You would think he was trying to move the house with the grunts and groans coming from down the hall. He is flushed and trying his hardest to just… Poop! Feeling defeated, he resigns from being king of the throne.
Don’t let constipation defeat your toddler!
Constipation refers to less than three bowel movements per week or stools that are difficult to pass. It results in pain and can hinder potty training. The last thing you want is for your child to be afraid to poop. If your child becomes afraid to poop because it hurts they can start withholding when they have the urge, only making the matter worse!
So why do toddlers get constipated? Some of the main causes are not drinking enough water, not having enough fiber in their diet, or having too much dairy or fatty food in their diet. Your twins can eat the same foods and one may be regular and the other may get backed up. The reason being their bodies may process the foods differently or you may not notice the small differences like how much fluid they drink; and this can make a big difference on the inside. Other causes of constipation can be an illness or medication, stress from a change in routine or potty training. Or they may just be ignoring the urge to go because, they are too busy playing and who can blame them for that?!
What are the signs of constipation? Since toddlers can’t always express themselves fully it is important for parents to keep an eye out for early signs to avoid painful bowel movements. Your child made experience tummy ache, bloating, loss of appetite, general crankiness or may be avoiding the toilet. Other signs of advanced constipation would be crying or screaming during bowel movements, smears of liquid stool in their diaper or underwear, hard, round stools, and blood streaks on stools.
How can you as a parent alleviate their discomfort? Below is a list of methods other parents have used to remedy their toddlers constipation. Make sure to read labels if you choose a laxative or fiber supplement and consult your child’s pediatrician before use. If your child’s constipation persists, make sure to notify your pediatrician.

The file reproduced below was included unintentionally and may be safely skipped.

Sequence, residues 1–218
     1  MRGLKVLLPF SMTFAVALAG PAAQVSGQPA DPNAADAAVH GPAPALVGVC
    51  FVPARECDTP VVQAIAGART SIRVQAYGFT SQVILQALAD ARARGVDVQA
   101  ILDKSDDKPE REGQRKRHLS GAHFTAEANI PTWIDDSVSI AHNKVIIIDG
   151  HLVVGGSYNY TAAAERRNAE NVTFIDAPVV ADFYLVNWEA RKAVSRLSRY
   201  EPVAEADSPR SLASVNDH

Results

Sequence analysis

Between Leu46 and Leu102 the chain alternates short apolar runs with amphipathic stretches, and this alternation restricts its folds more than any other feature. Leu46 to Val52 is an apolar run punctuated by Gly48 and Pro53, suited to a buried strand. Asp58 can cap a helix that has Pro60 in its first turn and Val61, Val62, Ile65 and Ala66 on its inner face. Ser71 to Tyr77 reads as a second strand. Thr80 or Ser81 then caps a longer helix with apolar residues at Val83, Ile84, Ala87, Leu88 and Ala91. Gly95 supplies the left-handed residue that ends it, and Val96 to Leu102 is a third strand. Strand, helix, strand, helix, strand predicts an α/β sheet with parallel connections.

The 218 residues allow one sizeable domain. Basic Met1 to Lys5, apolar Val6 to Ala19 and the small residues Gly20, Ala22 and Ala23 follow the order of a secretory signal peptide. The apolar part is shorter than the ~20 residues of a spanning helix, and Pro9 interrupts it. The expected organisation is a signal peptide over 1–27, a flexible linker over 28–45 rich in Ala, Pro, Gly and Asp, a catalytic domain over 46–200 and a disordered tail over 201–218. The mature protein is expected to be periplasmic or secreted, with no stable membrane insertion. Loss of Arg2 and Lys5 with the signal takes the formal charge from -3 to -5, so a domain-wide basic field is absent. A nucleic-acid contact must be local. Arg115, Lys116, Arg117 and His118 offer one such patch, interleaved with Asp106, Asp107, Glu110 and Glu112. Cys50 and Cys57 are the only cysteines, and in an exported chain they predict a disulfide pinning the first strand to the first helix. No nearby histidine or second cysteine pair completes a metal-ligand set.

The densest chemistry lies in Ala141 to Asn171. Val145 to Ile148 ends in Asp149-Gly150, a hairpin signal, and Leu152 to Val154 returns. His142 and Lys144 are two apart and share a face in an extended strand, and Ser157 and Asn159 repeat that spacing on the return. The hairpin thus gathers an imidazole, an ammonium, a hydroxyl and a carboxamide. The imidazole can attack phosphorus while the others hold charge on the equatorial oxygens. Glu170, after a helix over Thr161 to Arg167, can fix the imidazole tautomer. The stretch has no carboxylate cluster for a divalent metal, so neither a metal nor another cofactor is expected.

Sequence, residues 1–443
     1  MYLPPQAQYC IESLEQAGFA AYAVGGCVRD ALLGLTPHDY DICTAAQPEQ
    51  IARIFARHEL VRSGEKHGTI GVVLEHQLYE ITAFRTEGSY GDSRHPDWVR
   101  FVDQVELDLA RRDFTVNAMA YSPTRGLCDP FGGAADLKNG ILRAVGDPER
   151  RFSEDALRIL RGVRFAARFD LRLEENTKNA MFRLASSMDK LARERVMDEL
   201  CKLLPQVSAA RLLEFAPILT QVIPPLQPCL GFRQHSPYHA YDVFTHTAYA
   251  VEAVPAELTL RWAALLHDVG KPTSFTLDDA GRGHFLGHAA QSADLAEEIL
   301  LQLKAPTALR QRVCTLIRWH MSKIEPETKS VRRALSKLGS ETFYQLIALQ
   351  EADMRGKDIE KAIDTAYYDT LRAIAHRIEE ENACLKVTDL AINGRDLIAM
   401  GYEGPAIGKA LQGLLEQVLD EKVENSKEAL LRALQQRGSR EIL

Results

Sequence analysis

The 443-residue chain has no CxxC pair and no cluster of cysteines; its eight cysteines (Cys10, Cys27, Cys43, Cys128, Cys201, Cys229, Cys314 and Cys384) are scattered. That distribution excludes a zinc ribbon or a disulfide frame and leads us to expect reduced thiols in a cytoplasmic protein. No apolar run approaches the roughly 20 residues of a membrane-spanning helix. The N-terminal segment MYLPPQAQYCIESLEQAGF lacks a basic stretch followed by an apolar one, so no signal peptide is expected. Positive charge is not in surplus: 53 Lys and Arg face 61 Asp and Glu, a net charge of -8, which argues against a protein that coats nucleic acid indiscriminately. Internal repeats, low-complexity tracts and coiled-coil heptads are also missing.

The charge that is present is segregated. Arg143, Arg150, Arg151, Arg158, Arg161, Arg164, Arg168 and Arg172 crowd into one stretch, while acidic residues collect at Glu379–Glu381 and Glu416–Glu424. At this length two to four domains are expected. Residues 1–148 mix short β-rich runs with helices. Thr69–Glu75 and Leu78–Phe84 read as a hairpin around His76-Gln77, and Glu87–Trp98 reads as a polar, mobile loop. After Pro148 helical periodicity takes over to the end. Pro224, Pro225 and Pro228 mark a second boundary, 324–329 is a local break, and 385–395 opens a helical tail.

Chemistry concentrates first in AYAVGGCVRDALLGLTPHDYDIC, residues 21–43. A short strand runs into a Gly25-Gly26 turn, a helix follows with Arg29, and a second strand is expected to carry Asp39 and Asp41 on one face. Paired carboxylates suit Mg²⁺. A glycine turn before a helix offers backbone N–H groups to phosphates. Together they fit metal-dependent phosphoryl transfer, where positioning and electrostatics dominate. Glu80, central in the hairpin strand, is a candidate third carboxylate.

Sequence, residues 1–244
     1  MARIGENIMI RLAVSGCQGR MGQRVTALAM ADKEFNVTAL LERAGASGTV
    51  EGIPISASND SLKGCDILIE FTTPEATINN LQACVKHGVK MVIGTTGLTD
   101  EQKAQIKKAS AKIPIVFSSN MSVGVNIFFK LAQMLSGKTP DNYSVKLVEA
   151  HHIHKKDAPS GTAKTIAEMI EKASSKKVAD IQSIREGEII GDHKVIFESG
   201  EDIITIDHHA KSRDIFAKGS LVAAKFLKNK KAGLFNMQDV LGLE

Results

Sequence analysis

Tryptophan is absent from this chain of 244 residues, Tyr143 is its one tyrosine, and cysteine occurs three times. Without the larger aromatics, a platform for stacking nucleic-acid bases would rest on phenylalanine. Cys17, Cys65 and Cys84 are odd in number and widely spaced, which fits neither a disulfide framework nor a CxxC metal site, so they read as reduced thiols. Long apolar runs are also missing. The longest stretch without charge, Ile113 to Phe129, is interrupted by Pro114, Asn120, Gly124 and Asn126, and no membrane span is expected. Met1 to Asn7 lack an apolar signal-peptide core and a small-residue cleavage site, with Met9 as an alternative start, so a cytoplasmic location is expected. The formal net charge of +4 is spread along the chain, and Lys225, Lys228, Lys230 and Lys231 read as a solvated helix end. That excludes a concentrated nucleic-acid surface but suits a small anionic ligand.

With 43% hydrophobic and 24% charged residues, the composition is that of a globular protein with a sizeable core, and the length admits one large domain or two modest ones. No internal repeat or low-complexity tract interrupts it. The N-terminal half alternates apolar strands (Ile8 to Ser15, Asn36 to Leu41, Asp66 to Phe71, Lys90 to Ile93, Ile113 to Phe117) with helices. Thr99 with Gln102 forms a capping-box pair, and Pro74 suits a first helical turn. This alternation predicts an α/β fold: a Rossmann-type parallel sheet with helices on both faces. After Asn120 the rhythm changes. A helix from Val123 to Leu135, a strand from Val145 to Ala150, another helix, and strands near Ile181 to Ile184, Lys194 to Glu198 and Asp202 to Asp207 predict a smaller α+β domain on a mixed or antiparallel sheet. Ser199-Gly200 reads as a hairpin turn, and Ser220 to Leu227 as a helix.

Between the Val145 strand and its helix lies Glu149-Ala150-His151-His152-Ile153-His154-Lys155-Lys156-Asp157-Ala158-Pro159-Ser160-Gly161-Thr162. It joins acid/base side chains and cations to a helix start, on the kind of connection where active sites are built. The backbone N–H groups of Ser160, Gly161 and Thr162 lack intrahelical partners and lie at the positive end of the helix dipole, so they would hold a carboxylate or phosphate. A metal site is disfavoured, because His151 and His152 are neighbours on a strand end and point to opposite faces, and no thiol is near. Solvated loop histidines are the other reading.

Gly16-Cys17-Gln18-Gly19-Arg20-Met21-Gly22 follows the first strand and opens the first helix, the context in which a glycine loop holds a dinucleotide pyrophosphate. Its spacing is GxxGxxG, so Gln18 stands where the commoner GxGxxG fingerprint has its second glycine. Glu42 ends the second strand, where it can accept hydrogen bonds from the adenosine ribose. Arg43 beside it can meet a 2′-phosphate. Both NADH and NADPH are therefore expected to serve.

Water- Hydrate! Hydrate! Hydrate! Most of these methods draw water into the stools, making them easier to pass. Make sure your child drinks plenty of water!
Fiber- Adding high fiber foods to your child’s diet will help move things along in the most natural way. Fiber is a material made by plants that is not digested and binds to water in the intestines; the water in turn softens the stools. Increase intake of fresh fruits and vegetables and whole grains.
Juice- This is the first thing many parents turn to help in regulating their toddler. Some Juices have a mild laxative effect because of a compound called sorbitol; a sugar that loosens the stool by drawing water into the large intestine thereby stimulating regular bowel movement. This sugar is abundant in many fruits such as prunes, pears, peaches, and apples and their juices. Toddlers should typically drink no more than 8 oz a day of these juices.
Coconut Water- This is the clear liquid extracted from young coconuts. It is a good source of fiber and naturally rich in electrolytes. Instead of buying it in a can or bottle why not purchase fresh and drink it straight from the coconut with a straw! How fun would that be?! There is a coconut opening tool that makes opening a coconut easy.)
Ground flax seeds- Acts as a laxative and contains fiber as well as many other health benefits. They look similar to finely ground bran flakes and easily stir into a soupy cereal like oatmeal or into a smoothie. Recommended dosage for toddlers is one tablespoon a day.
Flax oil- Not only acts as a laxative, but is a valuable source of omega 3 fats and a nutrient that facilitates the absorption of vitamins. Recommended dosage for toddlers is two teaspoons a day.
Fiber Gummies– These yummy little gummies add fiber to your little ones diet while they think they are eating candy. Recommended dosage for toddlers is 1 gummy, 3 times a day.
Benefiber- Adds fiber to diet by mixing in your child’s drink or soft food with no grit or taste.
MiraLAX– This stool softener dissolves easily in your child’s drink with no grit, taste or smell. Consult your child’s Pediatrician for dosage amount.
Milk of Magnesia- Comes in various forms and flavors. The liquid form can be chalky so it is not tolerated by all children.
Glycerin Suppositories– These are small “pills” inserted into your child’s rectum to help soften the stool and stimulates a movement. Suppositories also come in liquid form and inserted via an applicator. This method may need to be used for more advanced constipation and may be uncomfortable for your child.
Enema– This method of relieving constipation should be your last. But extreme times call for extreme measures. This method of inserting liquid into your child’s rectum will be uncomfortable for your toddler. Consult their pediatrician before considering this method.
Help your child to relax to facilitate the coming movement. Give them a warm bath, let them read a book or watch a movie while on the potty or while you massage their belly. It will be easier to poop if they are relaxed. Make sure to care for any irritation that may result when your child finally has a movement. With these methods you can help your toddler rule the stool once again!